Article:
Believe it or not, approximately 5 million Caribbean immigrants live in the United States. This is the largest number of Caribbean immigrants ever recorded in the history of the US. A substantial percentage of this population is that of university students.
In fact, according to U.S Census Bureau, the growth of Caribbean University students in the US totaled roughly 0.5 million in 2011. Interestingly, this figure represents a massive 63% growth of Caribbean students.
Despite this significant change, teaching Caribbean students has continued to become one of the biggest challenges in American universities. Most universities are ill-equipped to meet their growing needs.
The schools have not yet mastered how to best teach students with an array of linguistic and cultural challenges. The big question is – how do we manage these challenges while giving the student a conducive learning environment? More specifically, how do we make learning a rewarding experience for these students?
We compiled an article that attempts to explain the three most fundamental questions revolving around the topic of teaching Caribbean Students.
-What is the behavior of Caribbean students in American classrooms?
-What is the most practical method/strategy for teaching this particular population of students?
-How should faculty engage these students and retain their interest and attention?
A Little Introduction about Teaching Caribbean Students…
Teaching Caribbean students in the general classroom can be nothing short of challenging. Add in the many problems faced by these students, and you could be brewing a disaster. First, all Caribbean students go through many forms of discrimination.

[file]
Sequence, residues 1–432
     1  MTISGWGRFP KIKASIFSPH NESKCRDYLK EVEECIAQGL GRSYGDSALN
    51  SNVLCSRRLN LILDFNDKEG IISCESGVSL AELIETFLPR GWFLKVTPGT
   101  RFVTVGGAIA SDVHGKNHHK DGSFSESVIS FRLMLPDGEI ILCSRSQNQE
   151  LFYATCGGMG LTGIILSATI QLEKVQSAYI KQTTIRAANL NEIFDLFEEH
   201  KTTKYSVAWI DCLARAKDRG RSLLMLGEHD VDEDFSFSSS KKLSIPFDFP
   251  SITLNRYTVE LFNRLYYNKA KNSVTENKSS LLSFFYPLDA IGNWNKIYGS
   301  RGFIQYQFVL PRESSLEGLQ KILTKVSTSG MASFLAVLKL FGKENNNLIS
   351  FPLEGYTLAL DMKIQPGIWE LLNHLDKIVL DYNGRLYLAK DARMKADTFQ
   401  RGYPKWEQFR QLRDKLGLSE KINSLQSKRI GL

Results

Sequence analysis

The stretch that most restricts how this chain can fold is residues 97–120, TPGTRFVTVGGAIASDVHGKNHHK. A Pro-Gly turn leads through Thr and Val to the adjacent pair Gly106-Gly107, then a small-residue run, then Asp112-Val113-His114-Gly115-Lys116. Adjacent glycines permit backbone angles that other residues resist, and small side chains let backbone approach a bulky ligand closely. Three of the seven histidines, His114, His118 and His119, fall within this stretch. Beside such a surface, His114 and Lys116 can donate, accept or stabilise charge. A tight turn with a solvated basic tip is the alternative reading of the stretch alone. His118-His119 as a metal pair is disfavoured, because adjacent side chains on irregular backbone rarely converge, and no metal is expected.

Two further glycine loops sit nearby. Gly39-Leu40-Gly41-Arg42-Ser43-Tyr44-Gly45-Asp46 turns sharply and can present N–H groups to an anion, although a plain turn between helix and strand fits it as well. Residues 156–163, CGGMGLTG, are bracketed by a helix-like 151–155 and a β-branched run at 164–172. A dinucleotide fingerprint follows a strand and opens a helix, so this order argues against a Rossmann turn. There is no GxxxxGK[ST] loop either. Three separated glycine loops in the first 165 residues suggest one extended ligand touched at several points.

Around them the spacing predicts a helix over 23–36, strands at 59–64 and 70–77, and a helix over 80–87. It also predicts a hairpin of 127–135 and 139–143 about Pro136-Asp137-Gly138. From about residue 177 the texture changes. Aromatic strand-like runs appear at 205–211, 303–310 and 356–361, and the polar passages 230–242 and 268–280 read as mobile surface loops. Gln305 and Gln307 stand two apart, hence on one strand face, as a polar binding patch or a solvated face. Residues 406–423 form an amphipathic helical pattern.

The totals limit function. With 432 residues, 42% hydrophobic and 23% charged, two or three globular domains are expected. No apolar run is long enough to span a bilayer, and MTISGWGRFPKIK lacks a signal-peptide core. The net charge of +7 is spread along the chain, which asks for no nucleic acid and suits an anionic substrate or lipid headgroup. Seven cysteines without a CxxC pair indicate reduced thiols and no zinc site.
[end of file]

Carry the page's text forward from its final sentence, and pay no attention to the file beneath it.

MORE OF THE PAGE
These discriminations can be by way of misunderstandings about their religion, ignorance about their culture and the stereotypic portrayal of the minority groups. Secondly, all new Caribbean immigrants go through a major culture shock when they first experience the American culture.
Additionally, they are teased about one thing or another at one point in their lives. For many immigrants, this creates a permanent scar that remains with them forever. Usually, when faced with such types of adversity, a student has two choices- to take the teasing and transform it into self-hatred or use it as motivation to demonstrate their self-worth to others.
Unfortunately, not every Caribbean student can turn this negativity into beauty. Others begin to accept what others say about them and develop self-hatred. Self-hatred is a big challenge for anyone get out of, let alone a student in a foreign land. If a student cannot see anything worthy about themselves, they will not ever see their self-worth.
What is the behavior of a Caribbean Student in the Classroom?
Caribbean students frequently feel uncomfortable in the American classroom environment. For beginners, most new Caribbean students have grown up only interacting with their immediate family including siblings and cousins.
Since the family is the center of all social life for most Caribbean students, many of them have not had significant exposure to other students outside of their immediate families. Pre-school and after-school activities are not as common among Caribbean students as they are with other students.
As a result, when the Caribbean student enters the university classroom it may be the first time they are immersed in a setting with a different language, culture, and behavior. This can make them feel out of place, nervous and shy.
Teaching them in such an environment is, therefore, a significant challenge. Without a dedicated effort to make the student feel welcome, they could fall into a pattern of isolation and low educational achievement.